That sentiment was echoed earlier Thursday by hedge fund titan Ray Dalio, who sees 2013 as a year where investors are ready to put cash to work in the markets. Dalio, who founded the hedge fund Bridgewater Associates, predicts that cash will flow into financial assets as well as economy—boosting goods and services.
Moynihan said that BofA's own investment banking arm has already been performing well. "As uncertainty comes out of the system, firms will be more aggressive with acquisitions," he said.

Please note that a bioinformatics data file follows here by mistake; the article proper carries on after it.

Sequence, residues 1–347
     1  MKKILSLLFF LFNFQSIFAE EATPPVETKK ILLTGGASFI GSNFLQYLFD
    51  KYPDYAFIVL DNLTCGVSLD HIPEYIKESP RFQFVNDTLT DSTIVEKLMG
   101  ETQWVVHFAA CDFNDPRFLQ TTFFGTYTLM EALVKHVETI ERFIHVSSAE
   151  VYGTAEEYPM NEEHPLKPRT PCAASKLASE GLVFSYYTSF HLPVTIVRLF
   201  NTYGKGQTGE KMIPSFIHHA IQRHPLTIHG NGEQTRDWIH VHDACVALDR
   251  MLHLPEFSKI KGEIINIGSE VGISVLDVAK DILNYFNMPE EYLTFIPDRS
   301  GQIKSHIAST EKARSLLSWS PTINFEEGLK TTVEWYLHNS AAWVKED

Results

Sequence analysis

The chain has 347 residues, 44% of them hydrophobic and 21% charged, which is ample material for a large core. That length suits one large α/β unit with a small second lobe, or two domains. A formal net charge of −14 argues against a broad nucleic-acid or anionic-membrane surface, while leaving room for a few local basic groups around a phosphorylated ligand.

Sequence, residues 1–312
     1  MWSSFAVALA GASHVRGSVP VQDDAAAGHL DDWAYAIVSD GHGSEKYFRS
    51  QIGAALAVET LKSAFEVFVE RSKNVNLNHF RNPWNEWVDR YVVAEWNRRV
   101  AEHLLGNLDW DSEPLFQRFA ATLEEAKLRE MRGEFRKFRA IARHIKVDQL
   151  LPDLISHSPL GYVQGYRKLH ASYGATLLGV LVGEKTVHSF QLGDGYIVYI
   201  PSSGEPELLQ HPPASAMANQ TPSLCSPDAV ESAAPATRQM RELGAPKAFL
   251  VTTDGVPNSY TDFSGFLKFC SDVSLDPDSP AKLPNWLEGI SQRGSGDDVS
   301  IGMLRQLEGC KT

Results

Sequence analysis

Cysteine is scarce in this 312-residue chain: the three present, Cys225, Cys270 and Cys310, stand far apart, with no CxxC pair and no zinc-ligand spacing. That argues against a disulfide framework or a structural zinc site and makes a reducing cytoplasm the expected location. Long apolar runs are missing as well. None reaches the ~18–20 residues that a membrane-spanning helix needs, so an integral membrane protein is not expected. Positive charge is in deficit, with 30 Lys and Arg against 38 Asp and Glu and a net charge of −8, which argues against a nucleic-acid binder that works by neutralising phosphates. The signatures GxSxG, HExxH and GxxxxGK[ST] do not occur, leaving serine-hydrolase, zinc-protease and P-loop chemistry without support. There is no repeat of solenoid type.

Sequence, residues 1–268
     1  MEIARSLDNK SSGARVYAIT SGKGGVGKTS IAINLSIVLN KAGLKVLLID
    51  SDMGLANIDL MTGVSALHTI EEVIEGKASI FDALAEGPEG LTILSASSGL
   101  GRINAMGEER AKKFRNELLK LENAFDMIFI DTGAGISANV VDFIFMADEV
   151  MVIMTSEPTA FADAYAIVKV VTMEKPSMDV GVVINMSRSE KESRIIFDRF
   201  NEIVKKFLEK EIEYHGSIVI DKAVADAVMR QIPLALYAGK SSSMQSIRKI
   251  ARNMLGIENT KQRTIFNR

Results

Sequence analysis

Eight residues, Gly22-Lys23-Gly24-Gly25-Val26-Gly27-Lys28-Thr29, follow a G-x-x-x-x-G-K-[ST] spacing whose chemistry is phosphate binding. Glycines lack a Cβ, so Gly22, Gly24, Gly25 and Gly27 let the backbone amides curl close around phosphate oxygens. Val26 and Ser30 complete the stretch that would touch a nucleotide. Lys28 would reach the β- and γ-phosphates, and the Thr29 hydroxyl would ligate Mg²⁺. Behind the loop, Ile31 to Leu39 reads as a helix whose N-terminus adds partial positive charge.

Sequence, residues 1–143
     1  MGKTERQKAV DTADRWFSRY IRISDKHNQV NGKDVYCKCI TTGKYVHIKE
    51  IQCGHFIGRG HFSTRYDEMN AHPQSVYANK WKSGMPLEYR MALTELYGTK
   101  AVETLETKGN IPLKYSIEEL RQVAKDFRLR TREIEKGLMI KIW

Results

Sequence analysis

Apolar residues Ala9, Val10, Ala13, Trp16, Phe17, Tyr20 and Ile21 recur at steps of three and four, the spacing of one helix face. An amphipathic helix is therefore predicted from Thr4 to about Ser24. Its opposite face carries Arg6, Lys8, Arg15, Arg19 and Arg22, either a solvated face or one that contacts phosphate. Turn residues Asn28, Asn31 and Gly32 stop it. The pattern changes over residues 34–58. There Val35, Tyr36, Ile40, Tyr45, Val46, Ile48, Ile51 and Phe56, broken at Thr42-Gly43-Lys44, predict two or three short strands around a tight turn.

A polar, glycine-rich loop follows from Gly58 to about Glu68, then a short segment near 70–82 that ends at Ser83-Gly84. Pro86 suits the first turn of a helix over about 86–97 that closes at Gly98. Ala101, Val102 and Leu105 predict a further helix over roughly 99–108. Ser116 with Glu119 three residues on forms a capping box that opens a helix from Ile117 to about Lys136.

The firm is "largely done" with downsizing in its investment banking division and head count is growing in consumer-facing bank positions, he said.
The bank also is meeting the increased capital requirements under the international banking rules of Basel III. "We don't need to raise any more capital," he said.
A day after JPMorgan's Jaime Dimon criticized policymakers for overcomplicating the business environment with new rules and regulations, Moynihan was less critical. He said he "doesn't see big changes to the business."
Moynihan wouldn't comment on whether he would use the bank's cash reserves to increase the dividend or do a share buyback. Any decision, he added, would be announced in March.